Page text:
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students are older than 25, and more than a quarter are 35 or older. There are roughly 188,000 students per year, and nearly a third of those end up transferring to a four-year college to continue their studies. Another third are taking courses as part of lifelong learning, and the remainder are vocation-oriented, training for a particular skill or a certain kind of job. It’s interesting to note that there’s been little expansion or even new construction at LACCD (or other California community college districts) for almost 30 years, even with increased enrollment. Some facilities are strained, and retrofi tting and maintenance has suffered as a result. In 1969 the state’s Proposition 13, which shifted control of general obligation property taxes from school districts to the state, discouraged future state and local governments from capital investment in educational institutions. Then in 1999 Proposition 39 changed voting requirements for a property-tax-supported bond for school districts from 65 to 55 percent approval, and the timing was fortuitous. LACCD was the fi rst community college district to apply for a bond issue to fi nance an expansion program, and it received approval of its request for $1.245 billion from the District’s voters. In early 2002, the board heard from the community about the bond issue, receiving opinions regarding the new construction. They stressed it should be done with environmentally sensitive design toward LEED certifi cation, improvements to existing buildings should be done with elements of green sustainability, and a policy requiring that at least 10 percent of energy for new buildings be from alternative sources should be adopted, with a goal of 25 percent. These measures were adopted. In 2003, realizing they now needed more fi nancing to fulfi ll the latest mandates, the board sought approval of a second bond issue, nearly a billion dollars, which also passed, giving LACCD about $2.2 billion to spend on expansion. Eisenberg was given a list of new buildings to be constructed, as well as existing buildings to be retrofi tted. With his background in facilities and operating major construction programs, he found some issues not yet addressed, such as installing an infrastructure for all the things LACCD’s board wanted to do. “It required some rethinking and reprioritizing of the list,” he says. “I thought we needed some standards for this major building program, and solid practices such as value engineering, a formal partnering program, a constructability review, and technology to support it all, in terms of software programming.” He upgraded the computer technology, including a system to collect data for all the infrastructure and new building construction, and building image modeling to provide 4D “fl y-throughs” of the program—“rotating a building design for a better look when trying certain variables.” He also hired architecture students to assist with the work. “They get experience; LACCD gets great products.” Eisenberg thinks California is progressive in a lot of ways, such as supporting green construction, but he says it hasn’t provided a range of delivery tools for public institution projects that are available in other states. “Basically, everything here was design-bidbuild, whereas design-build is a better delivery technique. If the ‘bid’ element worked as intended, it could be effective, but too often it results in an unnaturally contentious atmosphere. Giving us that extra capability required a change in state law, and now we can show how design-build is a more effective tool for delivering these projects.” Incidentally, he’s been advocating that California incorporate LEED construction requirements into its building code. Eisenberg’s background also includes a stint as purchasing offi cer for the state of Wisconsin. “If you take advantage of the purchasing power of a large budget to buy in bulk, you can make effective deals.” Applying that to sustainability, he looked at furniture for the new facilities. About $100 million dollars, fi ve percent of the 56 May 08 Creating better environments—this statement refl ects the mission and values of Forbo Flooring Systems. From the indoor environment to the natural environment, Forbo’s products and services combine design and functionality in world-class fl ooring solutions. Forbo’s natural linoleum fl ooring, Marmoleum, addresses the need for an improved indoor environment better than any other fl oor covering material available today. Made from readily renewable natural ingredients, Marmoleum has naturally occurring antistatic and antimicrobial properties, making it not only hygienic and easy to clean, but also an aid in the reduction of indoor air pollutants. Marmoleum also features an innovative, water-based Topshield fi nish that considerably reduces the need for initial maintenance and chemicals, while providing lower cleaning costs and better long-term appearance retention. Forbo Flooring Systems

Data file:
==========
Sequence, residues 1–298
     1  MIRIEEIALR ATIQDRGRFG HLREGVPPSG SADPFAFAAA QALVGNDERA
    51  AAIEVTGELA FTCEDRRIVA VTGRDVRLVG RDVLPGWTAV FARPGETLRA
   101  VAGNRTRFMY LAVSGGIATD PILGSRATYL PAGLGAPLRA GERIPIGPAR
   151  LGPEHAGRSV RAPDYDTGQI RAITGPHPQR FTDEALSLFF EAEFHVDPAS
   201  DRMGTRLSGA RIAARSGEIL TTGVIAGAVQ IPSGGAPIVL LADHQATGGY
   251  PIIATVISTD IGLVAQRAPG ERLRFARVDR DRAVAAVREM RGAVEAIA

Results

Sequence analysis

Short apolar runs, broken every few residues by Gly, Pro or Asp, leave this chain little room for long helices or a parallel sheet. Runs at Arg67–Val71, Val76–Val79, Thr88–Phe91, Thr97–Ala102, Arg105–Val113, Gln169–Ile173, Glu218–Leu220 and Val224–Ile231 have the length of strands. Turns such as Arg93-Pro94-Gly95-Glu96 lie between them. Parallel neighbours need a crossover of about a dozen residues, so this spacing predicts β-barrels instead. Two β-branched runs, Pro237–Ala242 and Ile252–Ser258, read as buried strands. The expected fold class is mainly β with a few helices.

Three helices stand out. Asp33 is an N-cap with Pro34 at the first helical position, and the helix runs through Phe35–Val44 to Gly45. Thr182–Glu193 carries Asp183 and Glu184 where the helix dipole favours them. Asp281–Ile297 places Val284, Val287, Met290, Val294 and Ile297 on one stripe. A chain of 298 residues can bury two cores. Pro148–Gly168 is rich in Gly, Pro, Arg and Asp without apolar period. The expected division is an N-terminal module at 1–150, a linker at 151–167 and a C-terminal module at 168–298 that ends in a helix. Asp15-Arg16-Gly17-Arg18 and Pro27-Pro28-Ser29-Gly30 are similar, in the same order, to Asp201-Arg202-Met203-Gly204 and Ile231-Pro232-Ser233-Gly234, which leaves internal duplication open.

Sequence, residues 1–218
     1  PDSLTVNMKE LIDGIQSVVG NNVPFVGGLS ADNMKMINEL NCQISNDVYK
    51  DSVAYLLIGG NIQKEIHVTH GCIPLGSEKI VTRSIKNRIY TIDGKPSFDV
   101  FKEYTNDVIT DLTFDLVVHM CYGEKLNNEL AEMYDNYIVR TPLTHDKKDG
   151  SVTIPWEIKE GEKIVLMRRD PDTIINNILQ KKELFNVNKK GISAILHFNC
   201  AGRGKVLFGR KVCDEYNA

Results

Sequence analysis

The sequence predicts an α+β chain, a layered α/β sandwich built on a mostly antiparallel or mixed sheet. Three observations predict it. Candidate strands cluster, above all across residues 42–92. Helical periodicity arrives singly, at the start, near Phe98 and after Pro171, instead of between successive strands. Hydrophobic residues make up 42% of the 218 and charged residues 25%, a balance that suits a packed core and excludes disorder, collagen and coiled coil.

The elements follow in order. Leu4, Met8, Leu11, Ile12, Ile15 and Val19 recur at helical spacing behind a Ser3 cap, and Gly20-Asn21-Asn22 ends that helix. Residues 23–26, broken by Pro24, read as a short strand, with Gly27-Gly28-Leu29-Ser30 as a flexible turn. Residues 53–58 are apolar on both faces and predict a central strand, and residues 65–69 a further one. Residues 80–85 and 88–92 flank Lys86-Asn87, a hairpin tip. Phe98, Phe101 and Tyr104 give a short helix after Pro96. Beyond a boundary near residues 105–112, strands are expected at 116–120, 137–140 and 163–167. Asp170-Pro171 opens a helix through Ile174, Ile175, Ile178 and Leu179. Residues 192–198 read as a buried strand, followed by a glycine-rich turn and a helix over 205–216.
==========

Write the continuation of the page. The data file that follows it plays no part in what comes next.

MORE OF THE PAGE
carry the daytime energy into the evening. By using alternative energy, we can document how much we’re saving, and we’re generating carbon credits that we can sell, so we’re entering the carbon credit trading market. And we’re heading toward total self-sufficiency by the end of 2008. Up to now LACCD has been spending $12 million annually on energy; we’re going to reduce that to zero.” As he entrenches himself into fulfi lling this expansion program for LACCD, Eisenberg’s political acuity and common-sense approach, combined with his purchasing, facilities, and construction experience, equip him well for the task. “There are 455 buildings across our colleges; our new program will touch almost every building with some sort of renovation, and we’re constructing more than 40 new buildings, so it’s pretty exciting.” May 08 57 budget, was for furniture, so he developed specs that included things like making the furniture as much as possible out of recycled material, as well as it being 100 percent recyclable, so that it eventually could be broken down into recyclable parts. He asked for and got a fi ve-year lock-in on the pricing, and a 15-year fully unlimited warranty, as well as design and installation included. “Currently, we’re two and a half years into our furniture contract, and our pricing is way below market value for attractive, durable, sustainable products.” He used a similar strategy for manufacturing and purchasing carpeting. He’s done extensive research into the use of alternative energy sources, and LACCD’s target has gone from 10 percent to 100 percent, using solar cells, wind power and geothermal ground-source heat. “Our peak classroom time is 7:00 pm, so we needed to LosAngelesCommunityCollegeDistrict